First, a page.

Did I get it all right?
Seder means “order” and this draws our attention toward our left hemisphere and its partiality for listing, literality, linear learning, and language, all of which contribute to its preference for order. Precision, everything in its place, words following words in proper sequence — these are our left hemisphere’s forte. The sense of certainty and rightness that flows from these preferences can be very appealing but within them is an often-overlooked vulnerability. Many of us have endured a Seder with our eyelids drooping, wondering if it would ever end. Rituals were performed with every word correctly spoken; yet something was missing. Precise, literal delivery disconnects order from enlivening experience. While it may process all things in proscribed order, the left hemisphere may operate in a social vacuum. That is its vulnerability, for we are weakened when certainty separates us from the unpredictability and compassion that breathes life into order.
Why are we doing this again?
Enter the right hemisphere. Yes, we bless the greens, the matzo, and the wine. Yes, we retell the story. We were slaves, Pharaoh was mean, and God helped us safely through the Sea of Reeds. Yes, we want to complete the Seder rituals and stories. But what do they mean to me, to us? How do I make sense of them? Our brain’s right hemisphere looks at the Seder through these questions, seeking to place the bits and pieces into context, striving to understand how one part relates to the other, and desiring to bring this understanding into our own lives. This relational, global, contextual approach weaves the pieces together, moving us toward meaningful personal experience. Personal flexibility is the right hemisphere’s gift to us. Yet it also includes a vulnerability, for if the right hemisphere over-emphasizes the big picture, the essential order may be undermined. Our right hemisphere may see little need for ritual and order, or, alternatively, it may feel overwhelmed when too many details collapse into a mushy muddle. The right hemisphere may not understand that a family crunching matzo without words or rituals, gathered for fun and food without order and structure, is not a Seder.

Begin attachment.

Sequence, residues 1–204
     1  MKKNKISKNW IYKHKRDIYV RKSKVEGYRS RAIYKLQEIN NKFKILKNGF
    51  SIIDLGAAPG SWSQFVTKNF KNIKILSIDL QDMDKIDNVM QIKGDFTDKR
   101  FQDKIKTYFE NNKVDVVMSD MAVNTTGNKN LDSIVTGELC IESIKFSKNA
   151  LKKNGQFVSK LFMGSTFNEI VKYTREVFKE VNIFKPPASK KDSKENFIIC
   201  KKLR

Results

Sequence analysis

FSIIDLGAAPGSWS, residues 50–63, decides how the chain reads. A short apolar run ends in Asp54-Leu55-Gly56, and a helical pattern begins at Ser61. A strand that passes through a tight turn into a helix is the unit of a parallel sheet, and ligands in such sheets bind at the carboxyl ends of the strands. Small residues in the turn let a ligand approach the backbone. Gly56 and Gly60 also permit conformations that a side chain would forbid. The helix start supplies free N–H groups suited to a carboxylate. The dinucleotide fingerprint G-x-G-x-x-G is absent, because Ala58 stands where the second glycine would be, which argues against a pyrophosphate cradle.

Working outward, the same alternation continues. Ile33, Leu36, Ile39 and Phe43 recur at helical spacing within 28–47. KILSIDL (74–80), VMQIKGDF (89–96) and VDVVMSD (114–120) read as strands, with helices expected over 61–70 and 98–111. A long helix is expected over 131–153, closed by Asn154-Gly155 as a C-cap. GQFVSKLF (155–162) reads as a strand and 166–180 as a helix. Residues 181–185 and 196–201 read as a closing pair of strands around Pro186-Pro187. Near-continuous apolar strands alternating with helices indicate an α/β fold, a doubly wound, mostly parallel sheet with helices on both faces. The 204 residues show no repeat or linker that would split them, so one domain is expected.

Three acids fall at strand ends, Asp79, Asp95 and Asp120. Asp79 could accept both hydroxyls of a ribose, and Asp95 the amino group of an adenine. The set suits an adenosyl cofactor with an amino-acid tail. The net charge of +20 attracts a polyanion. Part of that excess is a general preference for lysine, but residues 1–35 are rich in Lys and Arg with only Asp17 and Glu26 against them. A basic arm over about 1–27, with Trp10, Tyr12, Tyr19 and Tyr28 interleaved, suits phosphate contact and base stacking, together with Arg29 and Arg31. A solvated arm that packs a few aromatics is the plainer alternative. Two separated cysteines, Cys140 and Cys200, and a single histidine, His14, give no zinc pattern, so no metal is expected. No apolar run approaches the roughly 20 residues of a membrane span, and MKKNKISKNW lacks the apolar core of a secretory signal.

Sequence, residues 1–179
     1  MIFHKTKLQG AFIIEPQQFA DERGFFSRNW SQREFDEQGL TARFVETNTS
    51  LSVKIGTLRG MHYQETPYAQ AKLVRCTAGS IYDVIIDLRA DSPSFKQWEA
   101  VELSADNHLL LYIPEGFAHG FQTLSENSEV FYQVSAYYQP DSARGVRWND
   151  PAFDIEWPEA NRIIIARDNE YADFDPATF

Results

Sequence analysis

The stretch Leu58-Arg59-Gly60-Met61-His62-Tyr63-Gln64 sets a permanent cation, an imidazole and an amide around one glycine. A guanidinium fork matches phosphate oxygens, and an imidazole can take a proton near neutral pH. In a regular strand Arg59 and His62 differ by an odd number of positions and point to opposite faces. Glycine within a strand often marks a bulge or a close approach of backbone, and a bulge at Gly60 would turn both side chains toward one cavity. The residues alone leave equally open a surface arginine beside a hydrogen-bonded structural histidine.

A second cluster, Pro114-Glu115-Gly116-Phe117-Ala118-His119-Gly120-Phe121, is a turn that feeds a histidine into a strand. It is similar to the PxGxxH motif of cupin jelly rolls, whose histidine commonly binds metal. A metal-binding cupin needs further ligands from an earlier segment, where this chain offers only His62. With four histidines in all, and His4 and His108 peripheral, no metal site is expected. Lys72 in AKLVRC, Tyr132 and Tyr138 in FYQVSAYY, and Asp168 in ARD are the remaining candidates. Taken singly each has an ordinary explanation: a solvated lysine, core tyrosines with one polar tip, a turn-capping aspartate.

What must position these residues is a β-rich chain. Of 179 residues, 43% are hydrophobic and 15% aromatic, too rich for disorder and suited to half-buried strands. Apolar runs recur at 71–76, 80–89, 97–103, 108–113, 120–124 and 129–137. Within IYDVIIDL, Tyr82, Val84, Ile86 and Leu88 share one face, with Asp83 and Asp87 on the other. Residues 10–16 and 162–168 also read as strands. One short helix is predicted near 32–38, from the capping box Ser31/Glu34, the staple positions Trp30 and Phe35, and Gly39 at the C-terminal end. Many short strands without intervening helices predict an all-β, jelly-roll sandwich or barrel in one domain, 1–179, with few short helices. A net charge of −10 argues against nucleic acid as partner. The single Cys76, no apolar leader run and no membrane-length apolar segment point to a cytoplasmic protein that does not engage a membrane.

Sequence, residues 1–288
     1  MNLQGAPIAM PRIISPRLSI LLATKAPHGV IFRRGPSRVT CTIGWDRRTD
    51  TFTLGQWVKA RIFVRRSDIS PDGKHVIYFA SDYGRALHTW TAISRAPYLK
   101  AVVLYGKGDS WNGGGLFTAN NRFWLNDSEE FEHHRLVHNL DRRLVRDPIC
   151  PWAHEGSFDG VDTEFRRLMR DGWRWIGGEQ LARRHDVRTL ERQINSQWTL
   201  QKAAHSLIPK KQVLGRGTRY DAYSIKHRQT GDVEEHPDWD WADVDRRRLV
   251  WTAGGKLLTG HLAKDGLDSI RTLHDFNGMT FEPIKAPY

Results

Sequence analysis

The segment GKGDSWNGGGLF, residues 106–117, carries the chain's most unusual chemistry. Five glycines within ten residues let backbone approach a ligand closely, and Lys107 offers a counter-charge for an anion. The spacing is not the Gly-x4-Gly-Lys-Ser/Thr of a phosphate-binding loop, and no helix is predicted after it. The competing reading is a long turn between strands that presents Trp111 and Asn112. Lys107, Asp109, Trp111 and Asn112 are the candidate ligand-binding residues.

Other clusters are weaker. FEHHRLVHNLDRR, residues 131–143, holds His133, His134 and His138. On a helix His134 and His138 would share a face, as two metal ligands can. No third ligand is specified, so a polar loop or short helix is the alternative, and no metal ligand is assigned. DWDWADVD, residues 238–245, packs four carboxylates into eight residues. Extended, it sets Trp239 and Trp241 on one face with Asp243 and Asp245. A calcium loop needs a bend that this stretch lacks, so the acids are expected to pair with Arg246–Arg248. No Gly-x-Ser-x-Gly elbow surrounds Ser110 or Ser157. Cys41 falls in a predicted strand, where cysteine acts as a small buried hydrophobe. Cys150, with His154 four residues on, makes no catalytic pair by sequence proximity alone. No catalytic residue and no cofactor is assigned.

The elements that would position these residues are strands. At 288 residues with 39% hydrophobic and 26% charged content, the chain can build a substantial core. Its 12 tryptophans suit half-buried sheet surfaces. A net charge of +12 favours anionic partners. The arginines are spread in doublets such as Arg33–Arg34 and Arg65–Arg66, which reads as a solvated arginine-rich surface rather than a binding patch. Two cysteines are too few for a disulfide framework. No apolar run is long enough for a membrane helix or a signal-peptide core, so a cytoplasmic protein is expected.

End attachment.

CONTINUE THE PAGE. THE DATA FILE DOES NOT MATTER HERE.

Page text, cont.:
When one hemisphere wins over the other, we all lose. So before linking the strengths of our two-hemisphere brain, we must tackle a problem lurking within the Passover story.
The Exodus story is built on a win-lose assumption: Hebrews plus One = winner, Pharaoh minus two = loser. Since winners write the history, the good guys always win. In the Exodus conflict the stakes are especially high, since the outcome serves to validate our belief in God and God’s power. The first sentence of the Ten Commandments reads, “I the Lord am your God, who brought you out of the land of Egypt, the house of bondage” (Exod. 20:2). In the Biblical perspective, the fact that the Hebrews with their One God beat Pharaoh, who lost both his army and Hebrew work force, was proof of God’s existence and power. Not so in relationships between humans and not so within our brain, for here the win-lose assumption carries calamitous consequences.